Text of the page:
Santa Fe College president happy with school's direction
Cutbacks remain a high priority, but there are no plans to release employees because of the economy.
Published: Tuesday, January 5, 2010 at 6:01 a.m.
Last Modified: Monday, January 4, 2010 at 10:53 p.m.
When spring classes open this morning at Santa Fe College, more than 17,000 students are expected to take their seats in the 2,850 classes being offered.
It's an enrollment level Santa Fe College President Jackson Sasser said Monday likely is attributed to the lagging economy and unemployment prompting many to return to school to train in other fields.
During Monday's spring convocation, Sasser told many of the college's 800 faculty members and staff that the state of the college is good heading into the new semester and new decade.
"We are in good shape," he said. "And this is the result of work we started three years ago, but we are not out of the woods."
A high priority, said Sasser, remains finding ways to cut back without layoffs.
"My goal remains not to release employees for economic reasons, but we will remain diligent in our efforts to consolidate in other areas where we can," Sasser said.
Following the address to employees, he said attention already is being focused on the next budget year and that discussions with the state legislative delegation are under way.
"The Legislature has to provide funding for the colleges around the state to operate in this next session," Sasser said.
He added that keeping tuition low and affordable to students is also an area of focus "so it's not a barrier to admission." Current tuition for lower-division classes is $84.60 per credit hour in-state and $98.45 per credit hour for upper-division classes.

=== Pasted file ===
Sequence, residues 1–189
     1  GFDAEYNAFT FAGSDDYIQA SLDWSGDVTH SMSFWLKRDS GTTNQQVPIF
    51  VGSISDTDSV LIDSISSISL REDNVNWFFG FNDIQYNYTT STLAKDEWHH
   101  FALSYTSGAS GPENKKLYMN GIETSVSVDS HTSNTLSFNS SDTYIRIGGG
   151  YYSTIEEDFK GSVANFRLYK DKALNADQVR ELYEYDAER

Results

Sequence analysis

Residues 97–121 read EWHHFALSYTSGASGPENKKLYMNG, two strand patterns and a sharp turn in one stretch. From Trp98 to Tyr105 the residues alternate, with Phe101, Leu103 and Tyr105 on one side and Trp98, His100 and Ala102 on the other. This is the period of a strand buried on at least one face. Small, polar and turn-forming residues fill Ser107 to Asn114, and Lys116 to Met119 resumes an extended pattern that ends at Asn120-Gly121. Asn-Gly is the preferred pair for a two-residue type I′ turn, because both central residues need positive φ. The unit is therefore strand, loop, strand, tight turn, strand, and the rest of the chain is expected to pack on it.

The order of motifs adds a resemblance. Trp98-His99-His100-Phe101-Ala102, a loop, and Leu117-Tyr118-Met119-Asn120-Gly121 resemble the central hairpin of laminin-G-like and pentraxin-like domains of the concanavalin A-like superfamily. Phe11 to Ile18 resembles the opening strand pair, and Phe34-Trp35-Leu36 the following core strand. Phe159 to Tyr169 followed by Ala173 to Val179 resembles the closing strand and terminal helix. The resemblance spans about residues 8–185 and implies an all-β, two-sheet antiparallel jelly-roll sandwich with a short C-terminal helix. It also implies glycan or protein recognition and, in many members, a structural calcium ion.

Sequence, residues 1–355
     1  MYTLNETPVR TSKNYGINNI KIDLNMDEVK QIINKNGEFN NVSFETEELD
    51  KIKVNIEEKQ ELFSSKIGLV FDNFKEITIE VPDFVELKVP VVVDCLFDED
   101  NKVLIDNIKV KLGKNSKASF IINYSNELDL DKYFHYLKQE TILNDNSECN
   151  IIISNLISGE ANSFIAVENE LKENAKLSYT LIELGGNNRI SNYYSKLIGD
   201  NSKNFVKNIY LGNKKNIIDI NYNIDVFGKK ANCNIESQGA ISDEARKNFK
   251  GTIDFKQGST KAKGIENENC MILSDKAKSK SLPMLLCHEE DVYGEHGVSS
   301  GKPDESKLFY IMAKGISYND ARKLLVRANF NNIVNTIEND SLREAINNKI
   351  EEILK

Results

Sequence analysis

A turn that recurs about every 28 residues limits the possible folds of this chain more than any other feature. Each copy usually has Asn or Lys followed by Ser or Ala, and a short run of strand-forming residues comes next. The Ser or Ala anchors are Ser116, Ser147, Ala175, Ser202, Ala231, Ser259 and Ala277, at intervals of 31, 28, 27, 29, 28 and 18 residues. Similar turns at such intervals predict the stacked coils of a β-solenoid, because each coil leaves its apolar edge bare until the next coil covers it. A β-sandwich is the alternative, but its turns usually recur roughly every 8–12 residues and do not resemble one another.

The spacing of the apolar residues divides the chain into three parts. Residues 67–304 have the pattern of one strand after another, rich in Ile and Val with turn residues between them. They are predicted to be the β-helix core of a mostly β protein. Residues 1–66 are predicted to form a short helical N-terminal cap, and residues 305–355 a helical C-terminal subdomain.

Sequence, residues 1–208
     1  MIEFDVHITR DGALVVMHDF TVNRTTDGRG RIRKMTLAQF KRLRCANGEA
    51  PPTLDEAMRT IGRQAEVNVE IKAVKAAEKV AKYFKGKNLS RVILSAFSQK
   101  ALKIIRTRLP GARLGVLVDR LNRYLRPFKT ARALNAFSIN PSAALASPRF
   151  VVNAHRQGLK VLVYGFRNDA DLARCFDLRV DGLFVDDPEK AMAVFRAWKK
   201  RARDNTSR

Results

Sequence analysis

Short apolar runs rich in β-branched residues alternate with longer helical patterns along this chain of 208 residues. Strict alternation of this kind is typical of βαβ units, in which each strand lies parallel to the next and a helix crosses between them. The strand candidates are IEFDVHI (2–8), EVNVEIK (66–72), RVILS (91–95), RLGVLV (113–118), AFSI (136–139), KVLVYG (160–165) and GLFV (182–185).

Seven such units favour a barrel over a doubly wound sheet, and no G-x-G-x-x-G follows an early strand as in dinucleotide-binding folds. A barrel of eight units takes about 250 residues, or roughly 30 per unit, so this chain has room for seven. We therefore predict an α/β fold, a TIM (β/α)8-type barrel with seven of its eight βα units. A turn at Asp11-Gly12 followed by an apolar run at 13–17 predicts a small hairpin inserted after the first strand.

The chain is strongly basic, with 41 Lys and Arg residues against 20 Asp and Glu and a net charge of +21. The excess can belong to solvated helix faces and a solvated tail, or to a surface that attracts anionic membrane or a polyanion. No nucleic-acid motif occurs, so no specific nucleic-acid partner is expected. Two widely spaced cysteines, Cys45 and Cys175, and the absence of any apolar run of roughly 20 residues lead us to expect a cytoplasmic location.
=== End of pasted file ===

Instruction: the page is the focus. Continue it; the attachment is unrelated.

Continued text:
The semester also will include a visit from the Southern Association of Colleges and Schools, the regional accrediting agency, to review progress of the college's new bachelor programs in Health Services Administration and Clinical Laboratory Science.
The college also will begin work on creating a Quality Enhancement Plan, which SACS requires, to look ahead and begin planning for the college's future.
Ed Bonahue, SFC interim provost and vice president of academic affairs, said this review will be a good warm-up ahead of the college's full review scheduled for 2012.
And for now, Bonahue will continue as interim provost with Sasser announcing that the search process will not begin until fall 2010 for a permanent provost.
Evelyn Womack, chairwoman of the SFC Board of Trustees, took time on Monday to commend faculty and staff for embracing change before they had to - <0x000A>educationally and financially.
"It's paid off in every area as we start a new decade on firmer ground than most colleges," she said.
Sasser highlighted several ongoing projects such as construction of the $17.2 million Fine Arts Building expected to open in 2011 and discussions to dedicate space in the student center for use by the University of Florida for recruiting efforts.
"You will soon see some type of Gator structure on our campus," he said.
In keeping with his theme of alignment with the community, Sasser also highlighted the possibility of creating a sustainability institute to incorporate the variety of green industry-related programs at the college.
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